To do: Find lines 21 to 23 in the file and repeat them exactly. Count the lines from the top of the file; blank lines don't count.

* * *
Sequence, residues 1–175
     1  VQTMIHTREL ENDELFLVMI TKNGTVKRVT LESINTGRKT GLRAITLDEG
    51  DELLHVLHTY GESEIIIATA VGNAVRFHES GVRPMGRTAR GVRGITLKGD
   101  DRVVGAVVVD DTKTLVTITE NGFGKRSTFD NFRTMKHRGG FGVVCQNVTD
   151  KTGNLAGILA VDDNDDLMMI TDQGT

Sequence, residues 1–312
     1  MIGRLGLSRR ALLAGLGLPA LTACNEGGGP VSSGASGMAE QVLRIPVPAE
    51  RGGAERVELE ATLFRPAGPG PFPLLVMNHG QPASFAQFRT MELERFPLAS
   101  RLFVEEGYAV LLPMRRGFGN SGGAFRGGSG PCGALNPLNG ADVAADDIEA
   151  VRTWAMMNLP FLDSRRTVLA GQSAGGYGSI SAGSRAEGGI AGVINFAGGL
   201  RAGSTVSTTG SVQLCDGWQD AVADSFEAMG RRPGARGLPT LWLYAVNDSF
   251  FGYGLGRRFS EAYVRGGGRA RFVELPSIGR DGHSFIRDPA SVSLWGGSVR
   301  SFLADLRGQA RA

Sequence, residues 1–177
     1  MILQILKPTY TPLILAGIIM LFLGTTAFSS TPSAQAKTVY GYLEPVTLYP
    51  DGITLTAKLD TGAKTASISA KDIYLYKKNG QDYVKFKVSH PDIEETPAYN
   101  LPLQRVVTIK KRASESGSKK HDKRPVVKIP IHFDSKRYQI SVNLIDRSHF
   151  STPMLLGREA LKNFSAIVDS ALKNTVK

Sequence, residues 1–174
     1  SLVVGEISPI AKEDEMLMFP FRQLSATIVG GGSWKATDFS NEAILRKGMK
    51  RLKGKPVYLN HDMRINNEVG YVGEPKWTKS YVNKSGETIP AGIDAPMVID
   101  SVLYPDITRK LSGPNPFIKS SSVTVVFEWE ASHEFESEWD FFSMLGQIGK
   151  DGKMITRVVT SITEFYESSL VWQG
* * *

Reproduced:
    51  RLKGKPVYLN HDMRINNEVG YVGEPKWTKS YVNKSGETIP AGIDAPMVID
   101  SVLYPDITRK LSGPNPFIKS SSVTVVFEWE ASHEFESEWD FFSMLGQIGK
   151  DGKMITRVVT SITEFYESSL VWQG